We carry so many shoulds from our family of origin, culture, difficult life experiences, work experiences,  people we respect, and people who we want to respect us. 


But the shoulds that mess with us the most and lead to the heaviest burdens are the stealth shoulds around what we should and should not feel.


Today’s guest, Dr. Alison Cook, returns for the third time to share her transformative new book. This isn't just a guide that addresses these 'shoulds ', it's an empowering invitation to unpack our stealth expectations of ourselves and our world. It's an invitation to approach the 'shoulds' that show up in our lives with curiosity and compassion, paving the way for personal growth and self-improvement.


Dr. Alison Cook is a psychologist and teacher who has spent two decades helping individuals name what's hard and take brave steps to transform their lives. She is also a best-selling author, teacher, and host of The Best of You podcast. She co-authored Boundaries for Your Soul and is the author of The Best of You, and I Shouldn’t Feel This Way. Alison is also a certified Internal Family Systems therapist, a dear friend, and a trusted colleague.


Listen to the full episode to hear:

  • The internal tension and disorientation Alison experienced when she couldn’t accomplish what she “should” have
  • How following her system’s lead led Alison to make a surprising connection to another pivotal transition in her life
  • Unpacking the familial and cultural origins of our shoulds around work and success
  • The high personal and social stakes of not making space to name what we’re feeling 
  • Why it’s vital to be able to discern who can best support you in processing what you’re going through
  • How to cultivate space for yourself to witness the hard things, rather than bypassing from naming to fixing 


Learn more about Alison Cook, PhD:


Learn more about Rebecca:


Resources:

EP 102: Toxic Leadership: The True Cost of Workplace Trauma with Mita Mallick

EP 102: Toxic Leadership: The True Cost of Workplace Trauma with Mita Mallick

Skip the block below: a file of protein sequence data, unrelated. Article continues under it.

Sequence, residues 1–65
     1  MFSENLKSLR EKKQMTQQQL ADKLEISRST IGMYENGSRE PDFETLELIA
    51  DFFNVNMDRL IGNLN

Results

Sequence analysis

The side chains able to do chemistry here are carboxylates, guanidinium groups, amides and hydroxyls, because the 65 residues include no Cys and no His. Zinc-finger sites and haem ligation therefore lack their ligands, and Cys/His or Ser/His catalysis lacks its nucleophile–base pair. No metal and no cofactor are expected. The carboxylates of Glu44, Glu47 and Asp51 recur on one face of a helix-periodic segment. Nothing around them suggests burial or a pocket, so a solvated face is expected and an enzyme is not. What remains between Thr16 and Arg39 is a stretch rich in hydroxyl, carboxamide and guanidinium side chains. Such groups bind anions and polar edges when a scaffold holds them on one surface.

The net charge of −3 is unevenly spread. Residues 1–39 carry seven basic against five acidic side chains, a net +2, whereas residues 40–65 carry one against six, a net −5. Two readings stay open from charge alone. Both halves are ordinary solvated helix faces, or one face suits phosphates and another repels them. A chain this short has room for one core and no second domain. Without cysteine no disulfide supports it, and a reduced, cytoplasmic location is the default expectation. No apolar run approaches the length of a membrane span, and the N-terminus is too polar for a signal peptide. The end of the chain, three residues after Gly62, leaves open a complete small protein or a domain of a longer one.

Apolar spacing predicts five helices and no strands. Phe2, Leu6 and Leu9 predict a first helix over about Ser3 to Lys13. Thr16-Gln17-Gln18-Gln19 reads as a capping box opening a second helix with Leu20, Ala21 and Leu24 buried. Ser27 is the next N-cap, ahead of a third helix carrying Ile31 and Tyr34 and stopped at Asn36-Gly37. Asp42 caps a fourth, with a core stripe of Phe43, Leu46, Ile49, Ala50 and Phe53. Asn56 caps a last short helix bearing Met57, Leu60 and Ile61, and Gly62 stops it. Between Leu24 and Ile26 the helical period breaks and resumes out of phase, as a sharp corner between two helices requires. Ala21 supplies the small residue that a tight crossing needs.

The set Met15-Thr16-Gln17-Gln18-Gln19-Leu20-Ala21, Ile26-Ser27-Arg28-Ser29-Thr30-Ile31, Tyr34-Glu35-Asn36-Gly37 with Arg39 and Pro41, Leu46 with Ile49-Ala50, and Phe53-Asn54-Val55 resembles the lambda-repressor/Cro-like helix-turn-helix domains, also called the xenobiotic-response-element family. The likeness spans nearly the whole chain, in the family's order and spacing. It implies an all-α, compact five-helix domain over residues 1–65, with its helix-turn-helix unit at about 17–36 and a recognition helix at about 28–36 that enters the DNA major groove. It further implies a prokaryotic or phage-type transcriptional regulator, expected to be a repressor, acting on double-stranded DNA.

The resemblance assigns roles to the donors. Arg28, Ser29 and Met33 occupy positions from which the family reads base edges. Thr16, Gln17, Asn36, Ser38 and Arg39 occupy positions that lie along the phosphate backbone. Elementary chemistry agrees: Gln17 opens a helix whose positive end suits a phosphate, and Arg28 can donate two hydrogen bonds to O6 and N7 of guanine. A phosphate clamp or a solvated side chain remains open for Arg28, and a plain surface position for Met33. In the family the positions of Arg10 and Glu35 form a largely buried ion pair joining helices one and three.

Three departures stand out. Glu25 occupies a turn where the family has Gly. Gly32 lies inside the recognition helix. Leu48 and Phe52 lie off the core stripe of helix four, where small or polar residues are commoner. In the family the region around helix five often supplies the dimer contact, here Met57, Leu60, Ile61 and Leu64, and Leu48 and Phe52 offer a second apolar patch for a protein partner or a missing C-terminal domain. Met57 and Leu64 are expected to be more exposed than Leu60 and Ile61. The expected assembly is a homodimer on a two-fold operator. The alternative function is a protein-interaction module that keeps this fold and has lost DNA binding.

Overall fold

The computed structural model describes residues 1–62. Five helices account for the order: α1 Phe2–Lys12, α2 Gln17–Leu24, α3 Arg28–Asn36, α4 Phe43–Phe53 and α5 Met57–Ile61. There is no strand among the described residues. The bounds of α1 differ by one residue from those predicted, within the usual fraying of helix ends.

Many of us are familiar with the kind of person who easily earns the moniker ‘toxic’ and instills fear, rage, and frustration in those around them.


What do you do when you work with a toxic leader?


How do you feel when toxic leaders continue to get promoted and receive accolades?


And what do you do when others make excuses for these toxic leaders, like saying their skill set or network is too important to the organization and you have to “take the good with the bad?”


Toxic leaders and cultures take a toll on you, especially when you have your own relational wounding history. You may try to speak up or feel shut down, but there’s another common theme: How betrayed you feel when your experiences are met with silence, inaction, or retribution.


We're at a critical moment regarding leading, accountability, and culture. But one thing that still feels constant is the impact of our history with relational wounding and relational trauma, and how that impacts how, or if, we speak up in the face of injustices from toxic leaders and toxic work culture.


Today’s guest wrote a book on the impact of toxic leaders and cultures, including how we often protect toxic leaders at great expense to the staff and the business. As someone who was bullied both as a child and in the workplace, she has some very special insight into this all-too-common experience.